Pets & Emergency Preparedness


When Hurricane Katrina touched down in 2005, humans were not the only species affected by its destruction. And because emergency relief agencies were not in the business of saving pets, nearly half a million animals were left behind, devastating many owners and causing public outrage on their behalf. Passed in 2006 as a direct result of Hurricane Katrina, the Pet Evacuation and Transportation Act now requires state and local agencies to consider pets and service animals in their emergency preparedness plans. While most of us won't experience a disaster like Hurricane Katrina in our lifetimes, it's still up to us to consider our beloved companion animals when planning for emergencies, big and small. Here are a few things you can do:

ID your pet: If your dog gets lost, he won't be able to give his name and number to a good samaritan. Make sure your pet always wears up-to-date ID tags that include your pet's name, your name and phone number. Consider microchipping your pet as an additional precaution; if your pet is rescued by an animal organization they will be able to scan the chip to obtain your information. Finally, carry photos of your pets so that others can help you find and identify them if you are separated.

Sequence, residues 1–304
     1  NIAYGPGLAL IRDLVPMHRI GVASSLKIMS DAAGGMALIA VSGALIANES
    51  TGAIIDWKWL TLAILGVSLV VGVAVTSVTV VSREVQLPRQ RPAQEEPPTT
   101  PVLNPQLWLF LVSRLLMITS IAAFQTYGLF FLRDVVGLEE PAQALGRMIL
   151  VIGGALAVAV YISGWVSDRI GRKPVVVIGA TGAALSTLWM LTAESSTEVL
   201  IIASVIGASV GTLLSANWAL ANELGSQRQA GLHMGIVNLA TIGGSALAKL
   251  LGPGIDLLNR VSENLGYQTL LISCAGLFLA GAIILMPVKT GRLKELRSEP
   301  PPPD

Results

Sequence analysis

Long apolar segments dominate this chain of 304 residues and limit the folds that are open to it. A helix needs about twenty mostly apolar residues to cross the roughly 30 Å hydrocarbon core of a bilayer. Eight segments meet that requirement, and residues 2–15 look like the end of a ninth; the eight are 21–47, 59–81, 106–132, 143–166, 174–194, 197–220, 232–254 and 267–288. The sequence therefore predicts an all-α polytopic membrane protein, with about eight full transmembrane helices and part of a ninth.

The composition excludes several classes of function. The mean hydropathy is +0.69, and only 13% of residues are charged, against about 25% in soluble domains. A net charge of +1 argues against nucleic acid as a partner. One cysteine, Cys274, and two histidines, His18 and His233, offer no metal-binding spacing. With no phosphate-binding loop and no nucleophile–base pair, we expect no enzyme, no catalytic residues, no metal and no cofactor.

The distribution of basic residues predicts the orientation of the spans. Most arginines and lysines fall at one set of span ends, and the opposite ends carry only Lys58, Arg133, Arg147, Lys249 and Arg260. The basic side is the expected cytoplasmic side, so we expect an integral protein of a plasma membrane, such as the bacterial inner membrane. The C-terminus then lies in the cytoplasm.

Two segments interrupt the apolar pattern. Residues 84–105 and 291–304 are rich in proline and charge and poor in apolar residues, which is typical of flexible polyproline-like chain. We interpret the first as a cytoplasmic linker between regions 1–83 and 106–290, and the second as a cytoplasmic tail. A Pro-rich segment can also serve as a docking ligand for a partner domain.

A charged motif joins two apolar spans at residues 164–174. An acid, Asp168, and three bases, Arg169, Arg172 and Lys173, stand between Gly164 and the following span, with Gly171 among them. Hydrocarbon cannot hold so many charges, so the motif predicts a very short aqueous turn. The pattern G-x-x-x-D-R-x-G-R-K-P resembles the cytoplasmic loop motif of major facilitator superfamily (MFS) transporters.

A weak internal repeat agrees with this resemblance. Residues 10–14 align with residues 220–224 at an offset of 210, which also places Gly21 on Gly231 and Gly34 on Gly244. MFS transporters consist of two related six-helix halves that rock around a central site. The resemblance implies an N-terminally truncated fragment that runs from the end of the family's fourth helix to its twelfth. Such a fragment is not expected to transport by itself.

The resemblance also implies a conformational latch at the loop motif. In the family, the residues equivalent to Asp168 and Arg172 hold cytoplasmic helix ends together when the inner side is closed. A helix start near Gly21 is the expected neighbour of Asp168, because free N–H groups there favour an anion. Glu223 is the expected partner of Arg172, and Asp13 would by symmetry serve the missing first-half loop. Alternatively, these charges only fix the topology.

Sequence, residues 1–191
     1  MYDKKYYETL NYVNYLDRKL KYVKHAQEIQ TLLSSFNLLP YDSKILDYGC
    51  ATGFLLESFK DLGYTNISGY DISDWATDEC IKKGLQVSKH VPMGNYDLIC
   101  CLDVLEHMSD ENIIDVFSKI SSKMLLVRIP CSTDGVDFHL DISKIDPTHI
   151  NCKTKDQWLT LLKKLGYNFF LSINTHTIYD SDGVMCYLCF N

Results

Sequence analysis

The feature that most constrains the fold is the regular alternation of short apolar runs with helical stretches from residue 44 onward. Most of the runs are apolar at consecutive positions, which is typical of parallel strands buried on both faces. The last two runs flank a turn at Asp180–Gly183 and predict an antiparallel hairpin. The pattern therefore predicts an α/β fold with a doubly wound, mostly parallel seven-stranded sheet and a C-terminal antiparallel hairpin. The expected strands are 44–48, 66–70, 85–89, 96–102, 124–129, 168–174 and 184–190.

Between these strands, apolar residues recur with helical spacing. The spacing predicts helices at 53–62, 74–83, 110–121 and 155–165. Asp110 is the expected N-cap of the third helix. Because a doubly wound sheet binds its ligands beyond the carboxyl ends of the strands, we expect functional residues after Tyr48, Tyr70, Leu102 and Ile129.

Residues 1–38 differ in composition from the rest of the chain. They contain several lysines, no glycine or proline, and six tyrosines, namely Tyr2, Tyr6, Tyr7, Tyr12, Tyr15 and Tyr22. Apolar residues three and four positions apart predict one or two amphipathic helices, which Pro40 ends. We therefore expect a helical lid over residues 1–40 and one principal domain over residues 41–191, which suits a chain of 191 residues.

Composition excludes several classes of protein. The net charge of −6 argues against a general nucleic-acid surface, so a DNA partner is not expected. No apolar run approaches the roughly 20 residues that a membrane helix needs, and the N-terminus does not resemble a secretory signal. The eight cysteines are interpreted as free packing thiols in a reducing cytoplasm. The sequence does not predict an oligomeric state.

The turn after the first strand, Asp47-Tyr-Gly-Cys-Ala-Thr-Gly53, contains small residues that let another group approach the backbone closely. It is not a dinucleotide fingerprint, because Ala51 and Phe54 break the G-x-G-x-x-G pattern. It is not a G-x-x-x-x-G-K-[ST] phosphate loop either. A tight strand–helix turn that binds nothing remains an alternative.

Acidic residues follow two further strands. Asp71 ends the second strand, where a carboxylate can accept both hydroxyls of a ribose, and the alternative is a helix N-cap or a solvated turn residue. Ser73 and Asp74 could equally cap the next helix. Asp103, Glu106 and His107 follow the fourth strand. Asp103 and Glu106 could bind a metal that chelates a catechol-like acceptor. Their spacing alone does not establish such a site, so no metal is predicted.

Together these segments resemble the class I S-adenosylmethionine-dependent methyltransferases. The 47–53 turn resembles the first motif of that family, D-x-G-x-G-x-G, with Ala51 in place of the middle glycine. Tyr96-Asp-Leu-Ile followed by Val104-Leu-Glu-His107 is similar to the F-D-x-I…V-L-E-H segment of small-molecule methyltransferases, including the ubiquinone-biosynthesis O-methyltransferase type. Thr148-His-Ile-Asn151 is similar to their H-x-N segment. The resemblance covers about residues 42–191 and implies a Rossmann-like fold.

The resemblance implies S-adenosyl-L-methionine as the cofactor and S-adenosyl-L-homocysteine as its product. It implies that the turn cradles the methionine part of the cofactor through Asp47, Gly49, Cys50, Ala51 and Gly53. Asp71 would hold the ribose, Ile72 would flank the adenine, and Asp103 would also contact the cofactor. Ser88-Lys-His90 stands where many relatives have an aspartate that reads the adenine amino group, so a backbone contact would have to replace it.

Stock pet supplies: Just as it's a good idea to keep 72 hours' worth of non-perishables and water for emergency situations, it's also a good idea to set aside extra food (preferably canned), medicine and other necessities for your pets. You may also want to include a pet first aid kit, an extra collar and leash, a blanket, toys, and copies of your pet's medical records, including vaccinations. Finally, invest in a sturdy carrier for your animal that they can be transported easily and have a safe place to rest in the event of an emergency.

Find shelter: If you need to evacuate and cannot stay with your pets, it's important to have a plan to keep them safe and cared for. Check with local animal shelters or pet boarding facilities to see if they accept pets during emergencies, prepare a list of hotels that are pet friendly, or arrange with a friend or family member to keep your pets until you can be together again.

When disaster strikes: If your home or city is not safe for humans, it's probably not safe for pets, either. Ideally, you should take your pets with you when evacuating in an emergency. If this is not possible, use a rescue alert sticker so that emergency workers know there are pets inside your home. (To obtain a free sticker go to Lastly, remember that the stress and confusion caused by an emergency affects animals just like it affects humans. Comfort your companion animal and don't be surprised if your cat or dog exhibits unusual behavior in a stressful and scary situation.

Watch this video, and see the checklist from the Humane Society of the United States:

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